If anyone here read these lectures but not my recent corrections, they may be worth another look:

* [Lecture 6 - Chapter 1: Computing Adjoints](https://forum.azimuthproject.org/discussion/1901/lecture-6-chapter-1-computing-adjoints)

The right adjoint to the function \\(f : \mathbb{N} \to \mathbb{N}\\) that doubles any natural number is \\(g(n) = \lfloor n/2\rfloor \\), not \\(g(n) = \lceil n/2\rceil \\). With this fixed it becomes an example of one of my favorite principles:

> The left adjoint comes as close as possible to the (perhaps nonexistent) correct answer while making sure to _never choose a number that's too small_. The right adjoint comes as close as possible while making sure to _never choose a number that's too big_.

> The two adjoints represent two opposing philosophies of life: _make sure you never ask for too little_ and _make sure you never ask for too much_. If you need a mnemonic to remember which is which, remember left adjoints are "left-wing" or "liberal" or "generous", while right adjoints are "right-wing" or "conservative" or "cautious".

* [Lecture 9 - Chapter 1: Adjoints in the Logic of Subsets.](https://forum.azimuthproject.org/discussion/1931/lecture-9-adjoints-and-the-logic-of-subsets)

I changed my notation to match that in the book, and more importantly fixed a serious mistake. With all this fixed, we see that given any function \\(f : X \to Y\\) between sets, the left adjoint of the **inverse image** \\(f^{*} : PY \to PX\\) is \\( f_{!} : PX \to PY \\), given by

$$f_{!}(S) = \\{y \in Y: x \in S \textrm{ for some } x \textrm{ such that } y = f(x)\\} $$

for any \\(S \subseteq X\\), while the right adjoint is \\( f_{\ast} : PX \to PY \\), given by

$$f_{\ast}(S) = \\{y \in Y: x \in S \textrm{ for all } x \textrm{ such that } y = f(x)\\} .$$

This lets us see yet another example of those principles. Let \\( X \\) be the set of states of your room, and \\( Y \\) the set of states of a thermometer in your room: that is, thermometer readings. Let \\(f : X \to Y \\) map any state of your room to the thermometer reading. Then:

**Puzzle 24.** What is \\(f_{!}(\\{\text{there is a living cat in your room}\\})\\)? How is this an example of the "liberal" or "generous" nature of left adjoints, meaning that they're a "best approximation from above"?

**Puzzle 25.** What is \\(f_{\ast}(\\{\text{there is a living cat in your room}\\})\\)? How is this an example of the "conservative" or "cautious" nature of right adjoints, meaning that they're a "best approximation from below"?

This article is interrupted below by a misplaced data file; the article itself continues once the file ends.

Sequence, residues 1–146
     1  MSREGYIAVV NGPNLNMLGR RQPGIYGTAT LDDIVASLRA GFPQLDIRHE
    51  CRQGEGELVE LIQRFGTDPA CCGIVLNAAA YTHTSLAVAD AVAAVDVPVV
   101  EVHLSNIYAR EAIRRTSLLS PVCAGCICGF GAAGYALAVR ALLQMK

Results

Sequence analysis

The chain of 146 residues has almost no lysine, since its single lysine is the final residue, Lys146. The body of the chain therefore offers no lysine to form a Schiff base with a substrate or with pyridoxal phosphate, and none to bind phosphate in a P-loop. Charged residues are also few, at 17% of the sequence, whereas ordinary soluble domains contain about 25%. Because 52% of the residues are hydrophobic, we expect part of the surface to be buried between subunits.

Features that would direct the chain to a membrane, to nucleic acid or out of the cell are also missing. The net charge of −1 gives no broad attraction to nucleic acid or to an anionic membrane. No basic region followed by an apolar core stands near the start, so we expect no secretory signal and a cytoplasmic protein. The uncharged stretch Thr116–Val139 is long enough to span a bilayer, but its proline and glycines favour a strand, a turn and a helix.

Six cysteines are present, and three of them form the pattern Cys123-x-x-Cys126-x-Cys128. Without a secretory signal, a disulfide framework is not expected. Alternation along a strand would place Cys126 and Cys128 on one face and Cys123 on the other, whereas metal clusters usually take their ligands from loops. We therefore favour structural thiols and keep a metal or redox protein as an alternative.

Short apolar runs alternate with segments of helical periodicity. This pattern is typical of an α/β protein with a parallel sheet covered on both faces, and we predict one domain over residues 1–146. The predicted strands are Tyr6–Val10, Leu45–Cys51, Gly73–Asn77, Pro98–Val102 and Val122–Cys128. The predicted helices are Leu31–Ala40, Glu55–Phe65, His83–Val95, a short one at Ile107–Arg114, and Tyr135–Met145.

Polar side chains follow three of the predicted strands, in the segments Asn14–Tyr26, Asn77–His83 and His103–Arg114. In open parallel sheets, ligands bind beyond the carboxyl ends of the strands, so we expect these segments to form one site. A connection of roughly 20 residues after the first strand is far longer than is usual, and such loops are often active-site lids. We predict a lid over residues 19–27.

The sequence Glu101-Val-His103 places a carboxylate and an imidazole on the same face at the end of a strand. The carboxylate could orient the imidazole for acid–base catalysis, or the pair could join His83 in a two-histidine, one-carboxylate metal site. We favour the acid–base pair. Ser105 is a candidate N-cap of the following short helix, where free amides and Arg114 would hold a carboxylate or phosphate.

* [Lecture 6 - Chapter 1: Computing Adjoints](https://forum.azimuthproject.org/discussion/1901/lecture-6-chapter-1-computing-adjoints)

The right adjoint to the function \\(f : \mathbb{N} \to \mathbb{N}\\) that doubles any natural number is \\(g(n) = \lfloor n/2\rfloor \\), not \\(g(n) = \lceil n/2\rceil \\). With this fixed it becomes an example of one of my favorite principles:

> The left adjoint comes as close as possible to the (perhaps nonexistent) correct answer while making sure to _never choose a number that's too small_. The right adjoint comes as close as possible while making sure to _never choose a number that's too big_.

> The two adjoints represent two opposing philosophies of life: _make sure you never ask for too little_ and _make sure you never ask for too much_. If you need a mnemonic to remember which is which, remember left adjoints are "left-wing" or "liberal" or "generous", while right adjoints are "right-wing" or "conservative" or "cautious".

* [Lecture 9 - Chapter 1: Adjoints in the Logic of Subsets.](https://forum.azimuthproject.org/discussion/1931/lecture-9-adjoints-and-the-logic-of-subsets)

I changed my notation to match that in the book, and more importantly fixed a serious mistake. With all this fixed, we see that given any function \\(f : X \to Y\\) between sets, the left adjoint of the **inverse image** \\(f^{*} : PY \to PX\\) is \\( f_{!} : PX \to PY \\), given by

$$f_{!}(S) = \\{y \in Y: x \in S \textrm{ for some } x \textrm{ such that } y = f(x)\\} $$

for any \\(S \subseteq X\\), while the right adjoint is \\( f_{\ast} : PX \to PY \\), given by

$$f_{\ast}(S) = \\{y \in Y: x \in S \textrm{ for all } x \textrm{ such that } y = f(x)\\} .$$

This lets us see yet another example of those principles. Let \\( X \\) be the set of states of your room, and \\( Y \\) the set of states of a thermometer in your room: that is, thermometer readings. Let \\(f : X \to Y \\) map any state of your room to the thermometer reading. Then:

**Puzzle 24.** What is \\(f_{!}(\\{\text{there is a living cat in your room}\\})\\)? How is this an example of the "liberal" or "generous" nature of left adjoints, meaning that they're a "best approximation from above"?

**Puzzle 25.** What is \\(f_{\ast}(\\{\text{there is a living cat in your room}\\})\\)? How is this an example of the "conservative" or "cautious" nature of right adjoints, meaning that they're a "best approximation from below"?